Uoleva is known for its five small resorts: Tiana’s, Captain Cook’s, Sea Change Eco Retreat, Fanifo Lofa, and Serenity Beach. They are each capable of hosting perhaps two dozen guests each, but attendance is usually lower. Each is located on the west, leeward side of the island.
Besides the resort owners and their guests, the island is uninhabited. The locals who own the land use it to raise pigs or harvest coconuts, but not on any large scale.
There are no roads on Uoleva. There are no cell phone towers but it is within range of the towers on Lifuka or ‘Uiha. Electricity is only generated by small-scale solar panels. Water is available only from rainwater collection tanks.
Uoleva can be reached by boat or by foot. The reef between the north tip of Uoleva and the south tip of Lifuka is shallow enough at low tide to ford with a 30-minute strenuous walk. The water is usually at knee height but can rise to waist level depending on where one walks. A path is clearly visible through most of it but the terrain changes after each major storm. Tongans from Lifuka sometimes ride horses across this reef to visit their plantations on Uoleva.
Uoleva is most often reached by boat. Services can be arranged by the resort owners or by several foreign operators in Pangai.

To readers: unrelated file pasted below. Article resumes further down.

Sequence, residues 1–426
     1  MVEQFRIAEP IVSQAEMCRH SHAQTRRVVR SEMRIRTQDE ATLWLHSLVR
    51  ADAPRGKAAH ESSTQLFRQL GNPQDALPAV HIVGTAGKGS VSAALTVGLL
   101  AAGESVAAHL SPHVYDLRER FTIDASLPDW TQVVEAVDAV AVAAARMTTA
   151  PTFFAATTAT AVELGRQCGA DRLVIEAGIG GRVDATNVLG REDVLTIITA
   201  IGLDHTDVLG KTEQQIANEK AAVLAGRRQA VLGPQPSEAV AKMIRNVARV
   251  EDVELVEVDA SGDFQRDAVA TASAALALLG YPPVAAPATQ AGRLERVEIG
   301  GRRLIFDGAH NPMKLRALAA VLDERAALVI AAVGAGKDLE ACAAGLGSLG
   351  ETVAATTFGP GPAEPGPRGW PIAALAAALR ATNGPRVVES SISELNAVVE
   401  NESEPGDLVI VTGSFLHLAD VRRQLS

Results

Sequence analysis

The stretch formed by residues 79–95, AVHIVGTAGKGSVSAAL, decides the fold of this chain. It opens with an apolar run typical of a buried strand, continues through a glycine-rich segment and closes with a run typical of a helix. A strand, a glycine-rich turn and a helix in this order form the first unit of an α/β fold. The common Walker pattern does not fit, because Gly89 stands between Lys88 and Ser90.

There has been no known permanent settlement on Uoleva. When the first Lapita settlers arrived on Tonga in approximately 2850 B.P. (900 BCE), the sea level was 2 metres (6.6 feet) higher than it is today, making it a much smaller island. Early Tongans lived instead on the larger raised limestone islands or ‘Uiha, Lifuka, Foa, and Ha’ano.
In the fifteenth century, the new Mata’uvave line of chiefs began constructing many pigeon snaring mounds around northern Ha’apai. They built at least eight on Uoleva alone and can still be seen today scattered around the island’s interior. Located in the center of Uoleva is the largest such mound in all of Tonga, named Siaulufotu. It was the personal mound of the Mata’uvave. Adjacent to the pigeon mound was the chief’s freshwater bathing well, vaisioata.
- David V. Burley, Tongan Archaeology and the Tongan Past, The Journal of World Prehistory, Vol. 12, No. 3 (September 1998), pp. 337–392
- David V. Burley, Sport, Status, and Field Monuments in the Polynesian Chiefdom of Tonga: The Pigeon Snaring Mounds of Northern Ha'apai, The Journal of Field Archaeology, Vol. 23, No.4 (Winter, 1996), pp. 421–435
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